As I got busier at work with the semester approaching as end. I didn’t do my daily walk in the yard. I simply forgot about a lot of stuff and it showed. The grass grew tall weeds were everywhere. The worst of all the sweet cherry was losing its fruits. Both birds and Brown Rot were ravaging the pretty red globes that were weighing the tree limbs down. My neglects showed and my heart sank. I tried to spray some sulfur to stop the fungus from spreading. The birds were annoying with their picking one side of the fruit an leaving rest to rot, but the main worry was the Brown rot. It was everywhere. I have always had a little problem with this before, but it was never this bad, my attempted at spraying were too little to late. The damage was everywhere and there were hardly a perfect fruit to be found.

About this time I was planning to have pictures of me in the yard with this overloaded tree – that by the way is not supposed to produce here – like all those pictures of state fair champions with their head big and chest out posing by their champion sized pumpkin or steer. The pride that I had before was shot.

The really curious thing about it is that this cherry ripen earlier that expected. Usually my bush cherries that are now in full ripeness are usually the first to come in. This is unusually best because it distracts the birds while the Stella cherry is ripening. There is always enough bush cherries for me and bird, so I don’t mind them feeding on them. Plus the bush cherries are small enough to take the whole fruit so they don’t leave mess

Lastly. I think the bush cherries actually taste better. Now this may be sour grapes – or cherries in this case, (…. Sorry I could help it) but I tend to gravitate to the bush cherries. I have notices in the fridge for a bit they taste better, but off the tree they seem to be bit bland. Maybe this is just me. Others seem to like the tree cherry better than the bush cherries.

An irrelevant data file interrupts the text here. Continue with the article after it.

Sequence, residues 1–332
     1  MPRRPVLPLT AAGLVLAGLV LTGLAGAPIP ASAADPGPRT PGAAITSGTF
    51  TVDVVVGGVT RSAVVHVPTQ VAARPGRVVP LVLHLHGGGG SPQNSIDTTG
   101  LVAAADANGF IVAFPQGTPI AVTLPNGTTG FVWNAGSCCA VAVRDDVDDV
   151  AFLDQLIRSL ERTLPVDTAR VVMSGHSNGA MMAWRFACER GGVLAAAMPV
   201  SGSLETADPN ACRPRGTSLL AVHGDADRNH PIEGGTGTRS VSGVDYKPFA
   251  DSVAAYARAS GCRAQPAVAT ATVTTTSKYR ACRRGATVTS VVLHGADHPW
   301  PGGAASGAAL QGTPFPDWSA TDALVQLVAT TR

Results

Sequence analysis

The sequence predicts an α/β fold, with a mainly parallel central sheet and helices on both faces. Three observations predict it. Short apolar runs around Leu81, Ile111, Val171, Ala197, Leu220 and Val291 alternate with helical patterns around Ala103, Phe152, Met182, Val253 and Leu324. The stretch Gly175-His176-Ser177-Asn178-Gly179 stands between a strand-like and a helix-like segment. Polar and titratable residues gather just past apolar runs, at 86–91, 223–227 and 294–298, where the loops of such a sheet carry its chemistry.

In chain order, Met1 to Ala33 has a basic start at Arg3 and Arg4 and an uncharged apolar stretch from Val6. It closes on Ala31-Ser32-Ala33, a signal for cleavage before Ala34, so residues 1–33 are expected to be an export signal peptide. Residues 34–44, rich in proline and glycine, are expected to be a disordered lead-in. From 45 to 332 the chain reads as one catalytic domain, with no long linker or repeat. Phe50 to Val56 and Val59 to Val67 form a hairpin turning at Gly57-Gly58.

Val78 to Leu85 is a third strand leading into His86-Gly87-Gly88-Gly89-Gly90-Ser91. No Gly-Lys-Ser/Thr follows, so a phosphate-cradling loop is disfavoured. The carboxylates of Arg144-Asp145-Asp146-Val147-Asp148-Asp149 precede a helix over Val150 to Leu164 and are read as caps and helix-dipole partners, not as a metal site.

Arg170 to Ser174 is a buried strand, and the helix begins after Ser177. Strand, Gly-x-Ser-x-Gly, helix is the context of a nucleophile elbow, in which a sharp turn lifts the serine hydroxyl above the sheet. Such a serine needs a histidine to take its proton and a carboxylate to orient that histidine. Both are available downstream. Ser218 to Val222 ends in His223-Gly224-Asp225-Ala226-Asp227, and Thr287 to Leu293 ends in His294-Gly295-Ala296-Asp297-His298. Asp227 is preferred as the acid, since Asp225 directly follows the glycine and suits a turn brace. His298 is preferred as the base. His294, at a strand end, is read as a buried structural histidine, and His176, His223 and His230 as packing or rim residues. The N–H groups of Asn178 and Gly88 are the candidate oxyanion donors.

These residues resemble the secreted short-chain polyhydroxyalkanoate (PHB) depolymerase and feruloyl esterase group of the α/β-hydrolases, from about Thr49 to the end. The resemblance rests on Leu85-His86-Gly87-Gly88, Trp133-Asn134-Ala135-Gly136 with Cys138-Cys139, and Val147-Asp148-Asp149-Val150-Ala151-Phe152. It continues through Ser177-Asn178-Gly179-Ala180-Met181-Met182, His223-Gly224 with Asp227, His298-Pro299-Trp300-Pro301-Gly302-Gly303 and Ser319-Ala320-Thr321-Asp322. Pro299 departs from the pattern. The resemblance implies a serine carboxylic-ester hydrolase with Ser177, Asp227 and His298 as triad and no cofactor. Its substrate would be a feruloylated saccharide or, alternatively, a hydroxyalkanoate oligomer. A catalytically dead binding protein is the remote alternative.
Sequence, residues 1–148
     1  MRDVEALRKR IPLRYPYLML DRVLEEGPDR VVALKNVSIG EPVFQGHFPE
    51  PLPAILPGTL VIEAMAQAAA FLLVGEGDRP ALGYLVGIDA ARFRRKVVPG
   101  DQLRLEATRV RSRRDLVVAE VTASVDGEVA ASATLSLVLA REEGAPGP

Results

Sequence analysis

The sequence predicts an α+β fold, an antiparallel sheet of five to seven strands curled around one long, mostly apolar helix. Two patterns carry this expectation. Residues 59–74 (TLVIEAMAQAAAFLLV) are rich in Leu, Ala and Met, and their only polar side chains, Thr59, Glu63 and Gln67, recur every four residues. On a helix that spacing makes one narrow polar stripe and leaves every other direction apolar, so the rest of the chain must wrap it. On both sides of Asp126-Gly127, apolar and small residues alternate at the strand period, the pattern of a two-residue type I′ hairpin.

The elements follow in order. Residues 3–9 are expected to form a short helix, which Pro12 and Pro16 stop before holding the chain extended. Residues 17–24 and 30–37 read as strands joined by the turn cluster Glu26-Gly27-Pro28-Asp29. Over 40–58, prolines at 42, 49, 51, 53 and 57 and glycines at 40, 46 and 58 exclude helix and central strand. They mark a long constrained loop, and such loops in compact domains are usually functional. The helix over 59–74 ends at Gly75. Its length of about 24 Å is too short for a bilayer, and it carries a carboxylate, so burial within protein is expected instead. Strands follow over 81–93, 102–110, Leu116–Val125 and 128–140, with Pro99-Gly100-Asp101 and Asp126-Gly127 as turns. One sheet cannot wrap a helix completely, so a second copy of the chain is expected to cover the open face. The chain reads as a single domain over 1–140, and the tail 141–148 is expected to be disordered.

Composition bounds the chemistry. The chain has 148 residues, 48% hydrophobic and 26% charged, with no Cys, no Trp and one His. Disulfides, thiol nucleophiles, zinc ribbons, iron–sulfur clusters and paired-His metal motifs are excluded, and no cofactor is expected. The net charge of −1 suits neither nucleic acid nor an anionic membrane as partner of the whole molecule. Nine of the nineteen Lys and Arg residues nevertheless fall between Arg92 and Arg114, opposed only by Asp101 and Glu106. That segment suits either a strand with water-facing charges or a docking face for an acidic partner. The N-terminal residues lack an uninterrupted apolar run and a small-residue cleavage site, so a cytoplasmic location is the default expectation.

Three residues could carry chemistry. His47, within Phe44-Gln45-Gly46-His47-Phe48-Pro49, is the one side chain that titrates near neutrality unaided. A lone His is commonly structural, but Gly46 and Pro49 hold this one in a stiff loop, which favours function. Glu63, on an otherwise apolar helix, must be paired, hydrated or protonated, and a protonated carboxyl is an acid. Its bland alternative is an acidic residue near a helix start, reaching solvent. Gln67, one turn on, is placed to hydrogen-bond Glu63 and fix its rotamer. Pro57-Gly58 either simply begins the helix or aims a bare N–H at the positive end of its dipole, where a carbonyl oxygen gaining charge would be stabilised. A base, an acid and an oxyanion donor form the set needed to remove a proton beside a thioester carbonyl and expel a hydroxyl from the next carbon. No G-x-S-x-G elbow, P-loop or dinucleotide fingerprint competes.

Plus, the bush cherries rarely have any problems with fungus – only when we get days of rain when it is ripe.

Dare I say I like Nanking cherries better than Stella??

So what’s the next step…what did I learn form this? No I wont cut down the tree. The tree is gorgeous …before during and after fruiting. I actually want to try more cherries if I have the space. There are a few more bush cherries out there to look at, also I could graft a sour cherry like Montrancy or Northstar on to Stella.

Most of all, I will need to bit the bullet and get out there early with the sprayer and get some sulfur up in that tree. I hope that will work for next year.

Spring has sprung
April 4, 2010, 10:04 pm
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…. and with a vengeance!! Flowers are everywhere and bees are working overtime.  “…sound and perfume swirl in the evening air.” (Debussy via Art of Noise). My Nanking cherries and Hall’s Hardy Almond has bloomed and past; now the Stella Cherry, Blueberries, Goumi, Currants, Hardy Citrus and Crabapple.  Even the ones that are not blooming are waking up sooner than expected.

Everything is off to a good start.  We had some good soaking rains last month, but recently it has been dry.  This means the flowers are strong and I hope the low humidity will keep disease pressures at bay. Also these bright warm days we have had make for perfect pollination weather. Swarms of bees are in my yard all happy and working like there is no tomorrow. I have seen many kinds of bees and wasps of the native bees are rare in my yard.

Some of the star pollinators are the Carpenter bees. I know there is a love hate relationship between these monsters of bees.  Any exposed wood becomes a potential home for them to bore out holes. Luckily my eaves have not seen any damage, but I do have to watch for them in the green house. The males will startle many people as they try to defend a certain territory, but they do not really care about people they just to make sure you not a another bee. After flying around your head a few time the go back to their post till they find another male bee to challenge.  I have seen some all out bee battles I my yard too. I also get a number bumblebees in the yard. Often confused with Carpenter bees, they tend to be a little smaller with more fuzzy abdomens. I get plenty of mason bees. They are small bees with a bulbous abdomen that is black with slight blue iridescence.  Many would mistake them for a fly at first.  Their buzzing sound is very similar. These may be progeny of the ones a bought in a kit two years ago, that I keep a “condo unit” for in the back yard. In the same units I get leaf cutter bees – that seem to use thin strips of grass for their nest, and Giant Resin Bees that are near the size of carpenter bees. Some bees I don’t see often have been showing up regularly this year. I saw few green sweat bees and a huge swarm of what I thin k are yellow-faced bees doing the work that the honeybees should be doing.